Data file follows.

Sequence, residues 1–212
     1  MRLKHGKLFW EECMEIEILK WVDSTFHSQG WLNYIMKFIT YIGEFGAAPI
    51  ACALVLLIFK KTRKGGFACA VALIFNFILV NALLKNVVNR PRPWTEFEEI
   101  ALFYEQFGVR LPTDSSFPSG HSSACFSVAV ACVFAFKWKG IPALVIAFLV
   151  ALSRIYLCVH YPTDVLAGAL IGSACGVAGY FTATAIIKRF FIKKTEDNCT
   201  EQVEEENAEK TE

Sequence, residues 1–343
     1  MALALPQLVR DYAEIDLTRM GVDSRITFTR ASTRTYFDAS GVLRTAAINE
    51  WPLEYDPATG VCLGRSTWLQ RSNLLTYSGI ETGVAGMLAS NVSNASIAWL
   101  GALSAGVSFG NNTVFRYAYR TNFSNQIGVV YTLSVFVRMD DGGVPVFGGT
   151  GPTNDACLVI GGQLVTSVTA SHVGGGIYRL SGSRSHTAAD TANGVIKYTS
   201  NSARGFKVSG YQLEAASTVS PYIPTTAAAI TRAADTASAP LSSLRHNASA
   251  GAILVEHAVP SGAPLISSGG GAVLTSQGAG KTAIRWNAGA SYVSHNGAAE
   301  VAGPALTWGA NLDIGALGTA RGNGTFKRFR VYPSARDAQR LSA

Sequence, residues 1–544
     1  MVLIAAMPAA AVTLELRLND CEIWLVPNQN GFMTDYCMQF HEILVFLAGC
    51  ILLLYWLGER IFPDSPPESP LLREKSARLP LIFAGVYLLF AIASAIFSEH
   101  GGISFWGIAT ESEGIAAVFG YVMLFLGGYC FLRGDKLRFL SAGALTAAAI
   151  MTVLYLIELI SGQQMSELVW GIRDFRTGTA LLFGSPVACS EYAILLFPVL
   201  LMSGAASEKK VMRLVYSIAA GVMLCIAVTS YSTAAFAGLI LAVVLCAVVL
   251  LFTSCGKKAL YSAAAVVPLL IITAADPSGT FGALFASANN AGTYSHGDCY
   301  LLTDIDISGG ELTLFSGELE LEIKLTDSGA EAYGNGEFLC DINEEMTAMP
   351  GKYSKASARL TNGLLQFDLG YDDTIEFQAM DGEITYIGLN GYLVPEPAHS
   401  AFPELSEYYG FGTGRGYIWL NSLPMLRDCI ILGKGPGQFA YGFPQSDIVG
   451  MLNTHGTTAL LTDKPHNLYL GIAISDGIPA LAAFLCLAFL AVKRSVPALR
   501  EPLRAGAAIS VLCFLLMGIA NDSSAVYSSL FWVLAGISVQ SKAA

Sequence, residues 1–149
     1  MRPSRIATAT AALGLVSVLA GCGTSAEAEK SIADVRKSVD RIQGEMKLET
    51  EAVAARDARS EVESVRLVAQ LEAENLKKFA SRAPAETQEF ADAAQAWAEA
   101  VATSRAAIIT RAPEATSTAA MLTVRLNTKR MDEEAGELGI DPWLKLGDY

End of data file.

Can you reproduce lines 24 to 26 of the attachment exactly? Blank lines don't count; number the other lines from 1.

   401  AFPELSEYYG FGTGRGYIWL NSLPMLRDCI ILGKGPGQFA YGFPQSDIVG
   451  MLNTHGTTAL LTDKPHNLYL GIAISDGIPA LAAFLCLAFL AVKRSVPALR
   501  EPLRAGAAIS VLCFLLMGIA NDSSAVYSSL FWVLAGISVQ SKAA